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Back in the beginning, when I had first tried wiggling myself into Tyson's little group without entirely understanding why, I had thought getting up at the crack of dawn and jogging would help give me ideas for training regimes. I guess I had figured that if I did it, the boys would be more likely to do it.

Surprise surprise, there's actually more than one crazy person who gets up at 5:30 to run. Most of them were the string bean health types and athletes. No one was my age. For some reason, that made me uncomfortable. I had already come to terms with the fact that I had an easier time getting along with adults than kids my own age. And having such a hard time getting Tyson and the others to accept me as a real friend, not just as one of the many nice acquaintances polite people have, had made me more insecure than ever.

Maybe that's why I had been trying so hard. Because Tyson wasn't the type for acquaintances, but threw his whole self in, body and soul. That kind of stuff only existed in stories, especially in the adult world I had unwittingly thrown myself in to with my efforts to be responsible and dependable.

So, self-conscious as I was, I found myself being drawn to the less perfect rock beaches for my jogs. It was strange for me even then to want to be alone, when I was always so afraid of being just that.

And that's where I had found Kai.

I don't know if he knew I had seen him. He had been running along the edge of the tide, where sand met gravel. His shirt hung out of his cargo jean pocket and water arched up with each step, leaving a curtain of water drops hanging in the pink dawn light and sprinkling gold drops on his bare shoulders and chest. His hair had been flyaway crazy, and a part of me wondered if his eyes would look just as wild.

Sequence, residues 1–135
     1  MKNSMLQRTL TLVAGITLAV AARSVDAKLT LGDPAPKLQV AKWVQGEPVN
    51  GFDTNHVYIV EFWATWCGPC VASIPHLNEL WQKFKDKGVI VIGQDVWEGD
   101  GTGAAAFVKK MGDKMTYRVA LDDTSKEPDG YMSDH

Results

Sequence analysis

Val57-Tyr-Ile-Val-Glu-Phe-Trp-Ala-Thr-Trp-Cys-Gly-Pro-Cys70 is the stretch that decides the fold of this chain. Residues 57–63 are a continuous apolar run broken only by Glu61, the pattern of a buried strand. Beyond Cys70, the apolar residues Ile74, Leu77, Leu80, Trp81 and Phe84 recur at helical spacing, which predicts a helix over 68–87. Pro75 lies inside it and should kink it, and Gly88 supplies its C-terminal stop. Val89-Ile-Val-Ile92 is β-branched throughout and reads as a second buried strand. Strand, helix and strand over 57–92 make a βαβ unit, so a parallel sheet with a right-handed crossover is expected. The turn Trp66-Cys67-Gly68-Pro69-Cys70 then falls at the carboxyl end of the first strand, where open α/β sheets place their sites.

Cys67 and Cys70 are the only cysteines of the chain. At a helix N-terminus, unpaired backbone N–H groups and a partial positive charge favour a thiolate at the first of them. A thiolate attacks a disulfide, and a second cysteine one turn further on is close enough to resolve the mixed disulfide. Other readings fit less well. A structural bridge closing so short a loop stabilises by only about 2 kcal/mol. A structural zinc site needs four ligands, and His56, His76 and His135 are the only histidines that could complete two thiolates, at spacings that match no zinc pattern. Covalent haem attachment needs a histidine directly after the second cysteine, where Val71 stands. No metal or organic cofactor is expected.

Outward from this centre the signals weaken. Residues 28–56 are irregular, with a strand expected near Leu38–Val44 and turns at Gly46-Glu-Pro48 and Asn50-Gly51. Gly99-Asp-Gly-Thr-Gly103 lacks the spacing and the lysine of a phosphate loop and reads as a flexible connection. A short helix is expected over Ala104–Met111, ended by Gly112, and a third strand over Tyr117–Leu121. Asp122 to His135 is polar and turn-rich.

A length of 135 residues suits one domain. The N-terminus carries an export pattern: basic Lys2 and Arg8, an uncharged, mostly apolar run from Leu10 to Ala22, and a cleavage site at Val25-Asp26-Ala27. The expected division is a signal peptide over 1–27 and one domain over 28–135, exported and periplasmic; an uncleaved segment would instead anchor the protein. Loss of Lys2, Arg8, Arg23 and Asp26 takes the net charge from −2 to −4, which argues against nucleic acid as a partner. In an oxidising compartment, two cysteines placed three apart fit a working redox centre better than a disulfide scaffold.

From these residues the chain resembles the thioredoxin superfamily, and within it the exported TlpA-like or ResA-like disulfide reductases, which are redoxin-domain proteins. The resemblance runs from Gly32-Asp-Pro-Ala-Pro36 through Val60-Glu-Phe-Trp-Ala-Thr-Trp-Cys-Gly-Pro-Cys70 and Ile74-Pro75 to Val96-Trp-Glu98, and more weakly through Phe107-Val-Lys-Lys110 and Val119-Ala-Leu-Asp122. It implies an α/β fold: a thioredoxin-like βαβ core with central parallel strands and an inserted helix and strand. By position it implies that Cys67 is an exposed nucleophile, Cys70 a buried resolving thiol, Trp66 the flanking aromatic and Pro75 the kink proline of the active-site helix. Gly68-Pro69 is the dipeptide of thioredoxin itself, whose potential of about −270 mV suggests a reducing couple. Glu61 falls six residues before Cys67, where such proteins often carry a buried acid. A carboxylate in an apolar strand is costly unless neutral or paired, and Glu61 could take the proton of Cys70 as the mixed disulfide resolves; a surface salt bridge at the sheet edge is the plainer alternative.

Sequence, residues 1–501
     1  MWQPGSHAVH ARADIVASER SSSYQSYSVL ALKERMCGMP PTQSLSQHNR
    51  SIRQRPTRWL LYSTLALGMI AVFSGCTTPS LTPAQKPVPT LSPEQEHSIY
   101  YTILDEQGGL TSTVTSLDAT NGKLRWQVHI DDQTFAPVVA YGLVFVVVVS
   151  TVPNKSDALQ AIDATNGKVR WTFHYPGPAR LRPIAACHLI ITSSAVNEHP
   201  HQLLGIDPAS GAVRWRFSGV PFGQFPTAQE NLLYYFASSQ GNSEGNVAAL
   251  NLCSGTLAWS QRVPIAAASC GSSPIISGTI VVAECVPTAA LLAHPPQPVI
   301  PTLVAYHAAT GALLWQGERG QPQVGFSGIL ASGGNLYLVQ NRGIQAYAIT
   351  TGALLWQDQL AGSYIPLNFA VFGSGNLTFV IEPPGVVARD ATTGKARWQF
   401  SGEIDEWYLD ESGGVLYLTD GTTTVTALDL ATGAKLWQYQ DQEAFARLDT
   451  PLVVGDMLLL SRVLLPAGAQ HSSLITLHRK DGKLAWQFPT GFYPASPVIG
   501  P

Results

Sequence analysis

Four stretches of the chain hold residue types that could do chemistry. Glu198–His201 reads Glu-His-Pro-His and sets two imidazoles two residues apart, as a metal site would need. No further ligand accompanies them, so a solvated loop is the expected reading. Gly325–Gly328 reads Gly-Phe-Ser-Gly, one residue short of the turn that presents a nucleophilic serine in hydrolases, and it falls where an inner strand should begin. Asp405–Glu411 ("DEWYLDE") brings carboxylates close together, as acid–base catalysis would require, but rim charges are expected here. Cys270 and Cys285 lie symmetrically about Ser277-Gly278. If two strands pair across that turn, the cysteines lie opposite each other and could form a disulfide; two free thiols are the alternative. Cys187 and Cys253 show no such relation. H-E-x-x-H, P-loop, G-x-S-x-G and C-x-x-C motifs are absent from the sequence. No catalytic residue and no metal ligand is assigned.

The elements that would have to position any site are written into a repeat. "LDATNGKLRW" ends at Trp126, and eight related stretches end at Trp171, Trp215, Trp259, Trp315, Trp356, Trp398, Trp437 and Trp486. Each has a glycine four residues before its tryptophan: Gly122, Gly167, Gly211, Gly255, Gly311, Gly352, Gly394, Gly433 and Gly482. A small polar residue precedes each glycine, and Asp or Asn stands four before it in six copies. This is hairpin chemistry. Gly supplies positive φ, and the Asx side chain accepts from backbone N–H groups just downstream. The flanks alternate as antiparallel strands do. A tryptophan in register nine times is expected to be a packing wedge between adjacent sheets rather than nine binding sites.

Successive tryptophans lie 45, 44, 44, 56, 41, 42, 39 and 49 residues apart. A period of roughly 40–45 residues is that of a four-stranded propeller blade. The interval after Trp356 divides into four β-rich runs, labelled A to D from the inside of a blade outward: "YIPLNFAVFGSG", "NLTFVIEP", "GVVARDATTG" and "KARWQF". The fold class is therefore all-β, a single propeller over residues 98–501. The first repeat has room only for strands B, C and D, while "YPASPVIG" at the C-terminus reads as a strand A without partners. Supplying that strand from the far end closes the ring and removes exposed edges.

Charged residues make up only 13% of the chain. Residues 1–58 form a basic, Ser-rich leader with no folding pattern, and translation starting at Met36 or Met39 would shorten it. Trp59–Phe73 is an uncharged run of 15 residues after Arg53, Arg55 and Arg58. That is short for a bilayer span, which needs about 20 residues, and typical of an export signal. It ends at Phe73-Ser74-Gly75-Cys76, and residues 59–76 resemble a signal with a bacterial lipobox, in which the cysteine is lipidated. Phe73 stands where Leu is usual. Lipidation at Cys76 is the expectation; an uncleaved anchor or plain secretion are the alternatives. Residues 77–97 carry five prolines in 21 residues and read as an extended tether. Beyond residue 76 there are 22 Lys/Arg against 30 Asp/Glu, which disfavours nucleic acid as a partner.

Though I had made a habit of going there for my runs, I never saw him again. Kai lived up to his elusive reputation. I learned soon enough that it was like sighting some endangered species of cat to catch him in the middle of his morning training.

I remembered that along with that impression of a rare, elusive beast as I more or less dropped a wet Kai onto Tyson's bed.

I shook the thought out of my head and instead got caught between whether or not I'd have to take off his wet clothes.

Of course he tried to stand up, but he hadn't even been able to walk here without my help, so that didn't go too far. He did seem aware enough to realize he was getting Tyson's bed soaked.

"Why am I here?" he grumbled.

"Because you just vomited everything you've eaten since you were 12 and your burning up and it's pouring outside. Why didn't you say anything? Why did you even come to Tyson's stupid party if you were sick?"

He didn't say anything, nor did he look up at me. He did, however, managed to scoot to the edge of the mattress, as though intent to have as little of himself touching it as possible. I watched him hang there, elbows on his knees, shivering so hard he seemed to vibrate, before I managed to get the foaming, screaming freak in my stomach to shut up. I knelt down in front of him. Before he could protest, or I lose my nerve, I put a hand to his forehead.

Whoa. It was almost as though he had gotten out of a boiling shower, not a cold storm.

To my surprise, he closed his eyes and leaned into the touch.

"You're head hurt?" I asked.

Since Kai never admitted to pain, he said nothing. I took my hand back reluctantly.

"You need to get out of your wet clothes."

Nothing. Though he did let out the smallest of groans.

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